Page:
Retirement Plans

A number of federal laws govern employment-based retirement plans, including the Employee Retirement Income Security Act (ERISA), the Pension Protection Act of 2006 (PPA), and the Economic Growth and Tax Relief Reconciliation Act of 2001.

Qualified Retirement Plans

Qualified retirement plans are those that meet the statutory and regulatory requirements to receive tax-favored treatment by the IRS. All qualified retirement plans are covered by ERISA. There are two general categories of qualified retirement plansdefined-benefit plans (such as traditional pensions) and defined-contribution plans (such as 401(k)s).

Defined-Benefit Plans

In defined-benefit plans, predetermined formulas are used to calculate the level of benefits that will be payable beginning at retirement, usually on a monthly basis.

Defined-Contribution Plans

In defined-contribution plans, the level of future benefits depends on how much money the employee and employer contribute to the plan and the interest earned over time. Defined-contribution plans include 401(k)s, profit sharing plans, simplified employee pension plans (SEPs), savings incentive match plans for employees of small employers (SIMPLE), and employee stock ownership plans (ESOPs).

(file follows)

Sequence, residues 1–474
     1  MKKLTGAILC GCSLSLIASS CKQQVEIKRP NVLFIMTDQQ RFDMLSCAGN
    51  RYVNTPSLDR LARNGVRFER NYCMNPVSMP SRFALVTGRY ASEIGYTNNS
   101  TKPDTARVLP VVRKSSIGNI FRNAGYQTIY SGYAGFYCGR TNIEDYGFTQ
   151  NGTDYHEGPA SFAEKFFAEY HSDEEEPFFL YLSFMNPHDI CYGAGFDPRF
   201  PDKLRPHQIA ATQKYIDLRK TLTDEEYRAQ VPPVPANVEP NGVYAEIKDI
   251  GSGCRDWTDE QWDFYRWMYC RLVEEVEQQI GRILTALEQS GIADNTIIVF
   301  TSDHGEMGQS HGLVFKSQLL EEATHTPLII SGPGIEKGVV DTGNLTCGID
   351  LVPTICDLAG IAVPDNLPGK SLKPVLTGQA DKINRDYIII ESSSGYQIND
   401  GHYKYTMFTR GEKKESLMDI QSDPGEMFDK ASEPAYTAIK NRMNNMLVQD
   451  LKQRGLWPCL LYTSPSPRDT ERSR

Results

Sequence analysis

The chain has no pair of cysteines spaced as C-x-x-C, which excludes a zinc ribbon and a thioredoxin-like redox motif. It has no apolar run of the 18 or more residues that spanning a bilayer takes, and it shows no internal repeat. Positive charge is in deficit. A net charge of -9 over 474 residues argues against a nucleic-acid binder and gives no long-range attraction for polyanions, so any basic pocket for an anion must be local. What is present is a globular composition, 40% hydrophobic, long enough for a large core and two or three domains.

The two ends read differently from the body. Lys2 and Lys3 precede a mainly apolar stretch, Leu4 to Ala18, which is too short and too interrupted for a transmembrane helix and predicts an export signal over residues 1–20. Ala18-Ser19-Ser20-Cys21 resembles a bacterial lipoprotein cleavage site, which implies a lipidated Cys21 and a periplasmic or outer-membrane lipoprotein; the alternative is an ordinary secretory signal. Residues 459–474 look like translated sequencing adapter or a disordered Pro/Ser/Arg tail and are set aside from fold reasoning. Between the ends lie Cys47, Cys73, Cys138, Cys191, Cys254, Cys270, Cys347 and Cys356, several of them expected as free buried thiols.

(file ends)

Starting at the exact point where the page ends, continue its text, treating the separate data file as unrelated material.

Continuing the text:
Nonqualified Retirement Plans

These plans are typically provided as extra compensation to key executives and are exempt from many of ERISA’s requirements. Although they do not carry the same tax benefits as qualified plans, they are subject to their own sets of rules, including the requirements of the Internal Revenue Code Section 409A.

Retirement Plan Requirements

Federal law sets many requirements for retirement plans including minimum funding, contribution limits, and nondiscrimination provisions.